Editor’s note: We’re so sorry Supreme Court Justice Ruth Bader Ginsburg died on September 18, 2020 of complications from metastatic pancreatic cancer.
Supreme Court Justice Ruth Bader Ginsburg, 85, had part of her left lung removed Friday after being diagnosed with lung cancer. Ginsburg cured at Memorial Sloan Kettering Cancer Center in New York City, according to a news release from the United States Supreme Court Press Office.
According to the announcement from the Supreme Court, Ginsburg’s cancer was limited to one part of her left lung. There is no evidence that the disease has spread elsewhere in her body. Diagnosis after an accident Ginsburg She was injured on November 7, when she fell into her office, breaking three of her ribs. According to reports, the cancer was discovered when she underwent imaging tests on her rib injury. The tests showed the presence of two lung nodules – tumors – in the left lower lobe. A pathology evaluation performed after removal of the nodule confirmed confirmed lung cancer.
Scans taken before surgery indicate that there is no evidence of disease anywhere else in the body. Because the cancer was confined to only one part of the lung and there was no evidence that it had spread, it is considered an early stage and would not require further treatment, according to a thoracic surgeon at Ginsburg, Valerie W. Roche, MD. The Supreme Court statement said Judge Ginsburg is resting comfortably and is expected to remain in the hospital for a few days.
“Even at an advanced age, most patients who have this surgery recover completely,” she said. Roy S. Herbst, MD, PhD, Chief, Department of Medical Oncology and Director of the Thoracic Oncology Research Program at Yale Comprehensive Cancer Center and Yale University School of Medicine. “There is usually only a slight effect on lung function if it is working well.”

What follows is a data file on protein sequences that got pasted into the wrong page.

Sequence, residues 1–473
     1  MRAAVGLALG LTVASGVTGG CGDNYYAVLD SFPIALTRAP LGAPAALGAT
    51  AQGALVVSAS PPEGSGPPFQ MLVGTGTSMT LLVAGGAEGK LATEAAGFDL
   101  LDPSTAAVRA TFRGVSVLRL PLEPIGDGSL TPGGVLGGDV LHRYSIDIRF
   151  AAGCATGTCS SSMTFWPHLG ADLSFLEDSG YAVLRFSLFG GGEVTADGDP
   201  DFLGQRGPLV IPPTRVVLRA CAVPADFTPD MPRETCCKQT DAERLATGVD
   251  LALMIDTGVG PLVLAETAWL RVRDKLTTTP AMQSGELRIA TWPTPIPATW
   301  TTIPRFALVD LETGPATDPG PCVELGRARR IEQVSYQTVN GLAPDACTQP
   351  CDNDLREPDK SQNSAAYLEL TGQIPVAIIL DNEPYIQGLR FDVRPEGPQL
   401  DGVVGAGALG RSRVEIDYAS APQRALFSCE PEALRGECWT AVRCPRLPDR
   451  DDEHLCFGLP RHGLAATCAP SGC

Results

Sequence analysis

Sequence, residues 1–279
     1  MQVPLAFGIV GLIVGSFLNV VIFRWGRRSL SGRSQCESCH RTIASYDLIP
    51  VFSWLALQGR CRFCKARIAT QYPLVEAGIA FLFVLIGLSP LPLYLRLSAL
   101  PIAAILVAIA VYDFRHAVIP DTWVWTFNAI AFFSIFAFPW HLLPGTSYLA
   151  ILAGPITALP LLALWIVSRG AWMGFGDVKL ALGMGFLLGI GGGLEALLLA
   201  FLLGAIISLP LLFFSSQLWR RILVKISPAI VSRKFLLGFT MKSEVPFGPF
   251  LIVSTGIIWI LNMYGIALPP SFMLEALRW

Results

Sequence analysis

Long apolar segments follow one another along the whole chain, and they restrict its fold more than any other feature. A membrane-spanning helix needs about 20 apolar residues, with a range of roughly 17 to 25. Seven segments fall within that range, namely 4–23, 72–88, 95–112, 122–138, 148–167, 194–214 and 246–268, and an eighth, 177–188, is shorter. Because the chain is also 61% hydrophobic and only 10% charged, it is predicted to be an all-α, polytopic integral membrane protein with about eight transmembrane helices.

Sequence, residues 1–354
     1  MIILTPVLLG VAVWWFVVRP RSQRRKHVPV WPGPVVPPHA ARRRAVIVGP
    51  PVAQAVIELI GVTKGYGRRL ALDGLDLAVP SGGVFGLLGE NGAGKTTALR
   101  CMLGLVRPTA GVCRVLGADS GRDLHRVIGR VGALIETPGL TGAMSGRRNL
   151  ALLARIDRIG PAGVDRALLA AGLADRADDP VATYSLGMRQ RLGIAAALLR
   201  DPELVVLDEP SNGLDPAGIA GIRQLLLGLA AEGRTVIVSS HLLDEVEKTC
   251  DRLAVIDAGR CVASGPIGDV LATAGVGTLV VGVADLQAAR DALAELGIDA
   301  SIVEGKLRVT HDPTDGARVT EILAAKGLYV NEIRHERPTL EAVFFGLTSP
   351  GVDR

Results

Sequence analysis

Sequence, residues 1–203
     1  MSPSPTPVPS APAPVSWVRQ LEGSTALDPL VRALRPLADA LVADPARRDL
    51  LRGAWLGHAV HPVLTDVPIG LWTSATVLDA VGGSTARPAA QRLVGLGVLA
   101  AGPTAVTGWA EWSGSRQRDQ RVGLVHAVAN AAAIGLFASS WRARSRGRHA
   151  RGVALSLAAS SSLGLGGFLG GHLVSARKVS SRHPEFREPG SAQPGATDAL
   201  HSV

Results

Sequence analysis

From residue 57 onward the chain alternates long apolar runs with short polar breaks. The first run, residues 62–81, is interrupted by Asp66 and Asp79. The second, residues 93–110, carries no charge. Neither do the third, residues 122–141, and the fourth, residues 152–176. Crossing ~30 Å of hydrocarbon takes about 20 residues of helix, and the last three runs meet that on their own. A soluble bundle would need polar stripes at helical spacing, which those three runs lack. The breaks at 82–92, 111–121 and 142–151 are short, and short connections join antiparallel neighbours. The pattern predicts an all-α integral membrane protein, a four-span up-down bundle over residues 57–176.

Early diagnosis is the key to survival
Lung cancer is usually difficult to treat because it is often detected late after the cancer has spread. disease is The leading cause of cancer death in the United StatesAccording to the US Centers for Disease Control and Prevention. However, five-year survival rates for stage 1 non-small cell lung cancer (the most common type of lung cancer) range from 68 to 92 percent, according to the American Cancer Society. Lung Cancer Survival rates Significantly fall for disease at a later stage.
The disease is often associated with smoking but it can also be it causes By other factors, such as exposure to radiation, a family history of the disease, and contact with certain toxic substances, such as asbestos.
Information from the court suggests that Ginsburg may have a good prognosis, according to A Blog has been published Friday afternoon by J. Leonard Lichtenfeld, deputy chief medical officer in the National Office of the American Cancer Society. However, there is a lot about her condition that remains unknown at this time, he said.
“We should always be vigilant in such situations and avoid statements that exaggerate the results of a disease that can act unpredictably,” Dr. Lichtenfeld wrote. “Factors such as the location of the tumor, the exact type and characteristics of the tumor, and the size of the tumor all go into evaluating the outcome. Simply put, we don’t have this information.”
This is the third time that Ginsburg has been battling cancer. She was treated for colorectal cancer in 1999 and for early-stage pancreatic cancer in 2009. Dr. Herbst said she might have been lucky when this bout of cancer was detected.
“A lot of times these things are found by chance,” he said. “I see this all the time – people who fall and have an accident and they have x-rays and there is a small nodule in the lung. This is probably found at a much earlier stage than it would have otherwise.”
Moreover, many advances in cancer treatment have been seen in recent years, especially lung cancer treatment.
“It has never been a more promising time in the treatment of cancer and lung cancer, with more treatments and more options,” Herbst said.
Related: 5 reasons to be optimistic about lung cancer